Charges Mount Against Former Dixon Comptroller

Rita Crundwell indicted Thursday on 60 felony counts of wire fraud

View Comments (
)
|
Email
|
Print

    NEWSLETTERS

    AP
    Rita Crundwell, former comptroller for Dixon, Ill., leaves federal court in Rockford, Ill., Monday, May 7, 2012, after pleading not guilty at her arraignment to charges that accuse her of stealing tens of millions of dollars from the community.

    The former comptroller of a northern Illinois town was indicted Thursday on 60 felony theft counts linked to her suspected swindling of more than $53 million in taxpayer funds to support her lavish lifestyle and horse-breeding operation.

    Until Thursday, Rita Crundwell, 59, had faced only one federal charge of wire fraud under initial suspicion that she bilked millions of dollars from Dixon while drawing an $80,000 salary. She was arrested in April, and has pleaded not guilty.

    The new charges were returned by a Lee County grand jury. Each count accuses her of stealing more than $100,000 in government property from January 2010 through April, though authorities believe Crundwell's theft may date to 1990. Each felony is punishable by up to 30 years in prison.

    Lee County State's Attorney Henry Dixon said Thursday federal prosecutors in recent weeks gave his office the go-ahead to pursue state charges with the caveat that local prosecutors limit their inquiry of Crundwell's alleged misconduct from 2010 until her arrest, leaving the rest to federal prosecutors and diminishing any potential of double jeopardy.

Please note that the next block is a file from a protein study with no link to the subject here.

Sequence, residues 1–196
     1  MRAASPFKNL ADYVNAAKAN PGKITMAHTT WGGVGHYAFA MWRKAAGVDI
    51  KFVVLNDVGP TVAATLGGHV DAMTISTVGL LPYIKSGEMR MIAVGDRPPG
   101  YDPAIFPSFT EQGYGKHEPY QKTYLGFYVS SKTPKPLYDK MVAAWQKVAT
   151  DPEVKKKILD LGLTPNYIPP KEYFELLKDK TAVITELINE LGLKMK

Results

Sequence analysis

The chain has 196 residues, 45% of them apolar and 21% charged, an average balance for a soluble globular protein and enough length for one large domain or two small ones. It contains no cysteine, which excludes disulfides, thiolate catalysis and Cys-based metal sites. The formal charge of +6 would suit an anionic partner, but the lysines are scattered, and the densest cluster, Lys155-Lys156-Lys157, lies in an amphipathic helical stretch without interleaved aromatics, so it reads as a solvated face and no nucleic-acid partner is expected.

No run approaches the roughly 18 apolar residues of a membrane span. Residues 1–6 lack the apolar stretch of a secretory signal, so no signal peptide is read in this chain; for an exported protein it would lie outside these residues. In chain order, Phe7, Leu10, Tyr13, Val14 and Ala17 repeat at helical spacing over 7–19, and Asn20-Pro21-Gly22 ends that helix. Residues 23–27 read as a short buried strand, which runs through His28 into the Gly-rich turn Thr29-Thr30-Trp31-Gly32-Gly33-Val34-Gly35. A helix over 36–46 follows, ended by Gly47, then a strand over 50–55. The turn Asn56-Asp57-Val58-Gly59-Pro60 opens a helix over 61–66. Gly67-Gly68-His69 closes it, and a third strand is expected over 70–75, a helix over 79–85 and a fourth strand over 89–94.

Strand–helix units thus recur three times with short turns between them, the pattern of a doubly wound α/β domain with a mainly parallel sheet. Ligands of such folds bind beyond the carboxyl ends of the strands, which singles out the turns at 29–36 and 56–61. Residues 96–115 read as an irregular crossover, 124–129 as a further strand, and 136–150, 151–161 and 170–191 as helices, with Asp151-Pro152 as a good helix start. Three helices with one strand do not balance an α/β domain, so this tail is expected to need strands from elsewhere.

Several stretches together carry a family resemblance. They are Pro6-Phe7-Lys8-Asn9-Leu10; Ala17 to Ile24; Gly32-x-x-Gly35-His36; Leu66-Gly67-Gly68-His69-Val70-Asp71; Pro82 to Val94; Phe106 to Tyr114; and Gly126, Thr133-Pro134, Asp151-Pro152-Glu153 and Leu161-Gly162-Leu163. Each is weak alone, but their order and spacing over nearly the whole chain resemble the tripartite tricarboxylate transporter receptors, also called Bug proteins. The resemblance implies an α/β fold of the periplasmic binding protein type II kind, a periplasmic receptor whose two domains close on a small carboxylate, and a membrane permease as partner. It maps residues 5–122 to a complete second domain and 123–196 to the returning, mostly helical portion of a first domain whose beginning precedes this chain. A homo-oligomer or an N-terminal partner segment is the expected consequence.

"Do I feel limited by that? Absolutely not. I have no heartburn about it at all, and I think it's the right thing to do," Dixon told The Associated Press by telephone. "As you can see, we found plenty of fertile ground to investigate."

    Prosecutors have alleged that Crundwell siphoned the millions of dollars into a secret bank account. Court papers have said the pilfering went undetected for years until another staffer became suspicious and discovered a secret bank account.

    The enormity of the alleged theft -- dwarfing the city's annual budget of $20 million -- left many in Dixon puzzled. Crundwell has been comptroller since the early 1980s and handled all of the finances for Dixon, the boyhood home of Ronald Reagan and a small city along a picturesque vein of the Mississippi River.

    Federal agents who last spring searched her home, office and farms in Dixon and Beloit, Wis., seized seven trucks and trailers, three pickup trucks, a $2.1 million motor home and a Ford Thunderbird convertible -- all allegedly bought with illegal proceeds. Authorities also seized the contents of two bank accounts.

    Crundwell was among the nation's top horse breeders. Her ranch produced 52 world champions, according to the American Quarter Horse Association in Amarillo, Texas, the world's largest equine breed registry and membership organization.

    The U.S. Marshals Service sold 80 of Crundwell's horses earlier this month during an online auction, with plans of using the $1.64 million in proceeds to cover caring for the animals since May. The more than 300 remaining horses will be sold during a live and Web simulcast auction Sunday and Monday, with those proceeds to be held in escrow.

    Dixon, the prosecutor, said Crundwell has cooperated with authorities, and "have absolutely no belief that she has squirreled money away," hiding it from seizure by the U.S. government.

    Calls to Crundwell's home in Dixon went unanswered. Henry Dixon, the prosecutor, said he was unaware of whether she has an attorney on the state charges.

    Her public defender in the federal case, Paul Gaziano, declined to comment Thursday.

    Dixon said he remains confident the indictment's charges won't need to be put on trial elsewhere because of the broad publicity the case has drawn.

    "This case has gotten a lot of national attention, so people who live in Cook County, St. Clair County (in downstate Illinois) or wherever has heard as much about it as the farmer on the east end of this county," he said. "I don't think that's much of an issue."

    Full Coverage: Rita Crundwell Case